Part 5: Dialectical Behaviour Therapy

Now that I had an idea of what was wrong I was able to start down a path to learn how to fix it.

Dialectical Behaviour Therapy rescued me.

Dialectical Behavior Therapy (DBT) is a cognitive behavioral treatment that was originally developed to treat chronically suicidal individuals diagnosed with borderline personality disorder (BPD) and it is now recognized as the gold standard psychological treatment for this population.1


click here for a good website to fully understand DBT.

DBT theory suggests that some people’s arousal levels in such situations can increase far more quickly than the average person’s, attain a higher level of emotional stimulation, and take a significant amount of time to return to baseline arousal levels.

Which means some people will seem more irractic, chaotic or extreme, even in situations that may seem trivial to you.


There is this workbook I bought back in July called “Depressed & Anxious the Dialectical Behaviour Therapy Workbook for Overcoming Depression & Anxiety” by Thomas Marra. The way he explained things in it calmed me and made me feel safe and for the first time like there was a reason for why my life had been such a roller coster of emotions.  It was extremely hard for me to find professional help, it’s expensive and scary having to just call up a therapist. So I convinced myself I was fine and I could handle it all on my own, this book will fix me. But then, I still had my freak out back in November after I met that guy, which just confused me even more, none of the techniques from the book could help, I was discouraged and lost at that point. When I started my peak challenge, everything changed and a month ago I realized I can’t do it all on my own, I need some professional help. So I called a therapist. I need a diagnosis, I needed the truth.
There has always been more to my mental issues than simple anxiety.  I started seeing patterns and behaviours I’ve been blind to, that kept me from living.

There are 4 behavioural skills involved in DBT therapy which can radically change your unstable and conflicting habits, it’s not easy or quick, takes a lot of patience, determination and practice to break behaviours and thought patterns that are so ingrain into you entire being.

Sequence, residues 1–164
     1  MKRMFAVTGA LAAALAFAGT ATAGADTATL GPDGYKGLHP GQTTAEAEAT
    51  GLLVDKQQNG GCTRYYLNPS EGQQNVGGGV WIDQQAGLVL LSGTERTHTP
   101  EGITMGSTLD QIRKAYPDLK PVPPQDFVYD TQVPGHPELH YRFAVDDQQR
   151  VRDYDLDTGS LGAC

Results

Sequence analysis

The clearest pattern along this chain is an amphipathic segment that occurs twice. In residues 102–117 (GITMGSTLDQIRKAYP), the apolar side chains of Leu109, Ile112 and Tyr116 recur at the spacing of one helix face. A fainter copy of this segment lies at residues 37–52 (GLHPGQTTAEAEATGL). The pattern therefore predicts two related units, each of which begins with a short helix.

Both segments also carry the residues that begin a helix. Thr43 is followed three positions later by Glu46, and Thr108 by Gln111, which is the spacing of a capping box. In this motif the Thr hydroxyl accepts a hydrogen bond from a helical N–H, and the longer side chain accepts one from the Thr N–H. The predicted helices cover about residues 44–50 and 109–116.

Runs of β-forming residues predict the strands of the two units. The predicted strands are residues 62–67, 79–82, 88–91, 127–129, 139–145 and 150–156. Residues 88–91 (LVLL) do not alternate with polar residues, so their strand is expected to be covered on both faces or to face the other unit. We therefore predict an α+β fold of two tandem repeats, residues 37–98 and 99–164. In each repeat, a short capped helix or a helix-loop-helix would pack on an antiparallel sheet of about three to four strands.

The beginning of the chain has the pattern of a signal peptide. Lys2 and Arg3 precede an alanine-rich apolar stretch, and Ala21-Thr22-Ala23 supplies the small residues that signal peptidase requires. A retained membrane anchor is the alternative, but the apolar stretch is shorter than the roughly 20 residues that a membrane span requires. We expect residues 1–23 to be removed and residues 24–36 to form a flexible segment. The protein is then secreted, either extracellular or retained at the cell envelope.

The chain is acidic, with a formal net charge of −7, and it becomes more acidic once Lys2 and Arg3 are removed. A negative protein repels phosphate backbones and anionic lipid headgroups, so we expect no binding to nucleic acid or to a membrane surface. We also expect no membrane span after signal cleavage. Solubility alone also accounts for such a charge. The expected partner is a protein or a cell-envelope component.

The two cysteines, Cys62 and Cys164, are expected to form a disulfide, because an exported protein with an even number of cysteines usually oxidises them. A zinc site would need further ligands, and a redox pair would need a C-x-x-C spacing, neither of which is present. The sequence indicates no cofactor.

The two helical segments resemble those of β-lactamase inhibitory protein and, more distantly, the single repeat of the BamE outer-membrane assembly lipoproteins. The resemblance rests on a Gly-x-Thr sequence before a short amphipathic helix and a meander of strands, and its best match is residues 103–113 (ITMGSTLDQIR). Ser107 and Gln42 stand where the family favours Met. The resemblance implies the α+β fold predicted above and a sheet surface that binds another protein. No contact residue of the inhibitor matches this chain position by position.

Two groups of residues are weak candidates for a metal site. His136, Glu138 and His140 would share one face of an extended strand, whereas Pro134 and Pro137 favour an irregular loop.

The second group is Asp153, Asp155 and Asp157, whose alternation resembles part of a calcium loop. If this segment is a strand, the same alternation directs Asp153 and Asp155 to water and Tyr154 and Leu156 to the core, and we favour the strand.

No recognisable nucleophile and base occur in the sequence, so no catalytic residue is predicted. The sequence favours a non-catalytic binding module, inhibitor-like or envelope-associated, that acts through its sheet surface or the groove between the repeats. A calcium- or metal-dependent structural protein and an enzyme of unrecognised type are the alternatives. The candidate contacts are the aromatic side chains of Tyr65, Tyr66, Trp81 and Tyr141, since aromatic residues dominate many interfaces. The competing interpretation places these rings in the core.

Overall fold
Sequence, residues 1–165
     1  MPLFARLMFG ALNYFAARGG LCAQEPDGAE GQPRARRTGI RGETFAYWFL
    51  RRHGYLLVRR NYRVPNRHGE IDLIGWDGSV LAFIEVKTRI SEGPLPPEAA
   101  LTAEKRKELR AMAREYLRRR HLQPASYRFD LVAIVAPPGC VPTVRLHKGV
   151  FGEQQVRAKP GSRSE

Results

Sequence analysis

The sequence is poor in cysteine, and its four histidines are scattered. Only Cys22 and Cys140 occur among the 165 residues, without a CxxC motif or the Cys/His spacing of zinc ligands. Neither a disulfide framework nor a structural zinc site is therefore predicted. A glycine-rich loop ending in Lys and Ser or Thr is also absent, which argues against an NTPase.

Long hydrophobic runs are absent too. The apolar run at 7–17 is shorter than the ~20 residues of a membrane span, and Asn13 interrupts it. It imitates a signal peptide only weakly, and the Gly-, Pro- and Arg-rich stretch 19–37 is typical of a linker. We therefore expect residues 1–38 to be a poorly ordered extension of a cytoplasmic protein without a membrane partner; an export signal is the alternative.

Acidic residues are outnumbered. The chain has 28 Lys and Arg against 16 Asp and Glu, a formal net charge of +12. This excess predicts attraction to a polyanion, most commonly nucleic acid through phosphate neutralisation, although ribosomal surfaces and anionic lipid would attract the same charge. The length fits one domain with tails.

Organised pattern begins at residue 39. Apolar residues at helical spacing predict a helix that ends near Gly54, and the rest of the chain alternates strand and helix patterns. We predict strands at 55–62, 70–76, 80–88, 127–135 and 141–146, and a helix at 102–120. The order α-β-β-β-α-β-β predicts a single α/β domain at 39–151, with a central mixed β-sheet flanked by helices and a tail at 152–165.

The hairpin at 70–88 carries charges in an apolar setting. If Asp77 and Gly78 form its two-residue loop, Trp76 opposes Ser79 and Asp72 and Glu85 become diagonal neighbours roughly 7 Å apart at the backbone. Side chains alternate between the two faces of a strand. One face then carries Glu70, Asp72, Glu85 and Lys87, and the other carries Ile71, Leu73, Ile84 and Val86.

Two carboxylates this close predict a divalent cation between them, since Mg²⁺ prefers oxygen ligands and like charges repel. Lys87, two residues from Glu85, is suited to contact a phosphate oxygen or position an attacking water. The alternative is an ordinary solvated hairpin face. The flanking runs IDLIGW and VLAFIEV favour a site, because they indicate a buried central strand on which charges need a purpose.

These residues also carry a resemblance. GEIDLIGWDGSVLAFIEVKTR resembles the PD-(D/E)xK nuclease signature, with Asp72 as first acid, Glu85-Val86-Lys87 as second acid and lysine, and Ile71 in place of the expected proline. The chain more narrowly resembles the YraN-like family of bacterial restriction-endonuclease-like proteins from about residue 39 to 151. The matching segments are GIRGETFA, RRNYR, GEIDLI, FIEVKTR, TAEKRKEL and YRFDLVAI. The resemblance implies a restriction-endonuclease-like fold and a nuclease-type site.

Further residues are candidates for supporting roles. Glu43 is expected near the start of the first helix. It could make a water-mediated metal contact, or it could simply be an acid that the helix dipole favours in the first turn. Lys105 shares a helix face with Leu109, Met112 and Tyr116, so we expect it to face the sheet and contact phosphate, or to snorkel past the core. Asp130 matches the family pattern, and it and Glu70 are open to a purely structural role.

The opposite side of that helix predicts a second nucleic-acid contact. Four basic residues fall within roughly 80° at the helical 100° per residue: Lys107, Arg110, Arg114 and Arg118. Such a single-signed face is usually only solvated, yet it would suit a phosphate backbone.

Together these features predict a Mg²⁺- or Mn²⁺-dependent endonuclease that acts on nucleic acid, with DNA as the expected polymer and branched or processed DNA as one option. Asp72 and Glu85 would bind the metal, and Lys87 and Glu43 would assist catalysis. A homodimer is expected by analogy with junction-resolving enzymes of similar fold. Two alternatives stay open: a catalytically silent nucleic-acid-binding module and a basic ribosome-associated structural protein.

• Mindfulness: the practice of being fully aware and present in this one moment[in a non-judgemental way]

  • Distress Tolerance: how to tolerate pain in difficult situations, not change it

  • Interpersonal Effectiveness: how to ask for what you want and say no while maintaining self-respect and relationships with others

  • Emotion Regulation: how to change emotions that you want to change.


For me the most important skill I learned from DBT was Radical Acceptance which means being willing to experience a situation as it is, rather than how you want it to be. Your mind is always going to give you other ideas, interpretations, reminding you of old strategies – helpful or not. Each time your mind wanders and you notices these other thoughts and images, simply bring your attention back to this moment. here is a good link for Radical Acceptance.

The following are a few examples from  Thomas Marra’s book “Depressed & Anxious the Dialectical Behaviour Therapy Workbook for Overcoming Depression & Anxiety” Which were very helpful to me:

Emotion Regulation Skills Assumptions (pg 125)
1….Your emotions serve a purpose. They help you to react quickly, to protect you from threat, to bond you to other..

2.  Emotions, in order to serve the important survival and humanistic function for which they were designed, must be experienced and acknowledged

3.Avoidance of emotions had paradoxical effects: the more you engage in avoidance and escape from your emotions, the more powerful and urgent the emotions become.

4. Feelings are always right. It is what you do with them and how you react to them (how you think about them and how you behave because of them) that can be hurtful or maladaptive.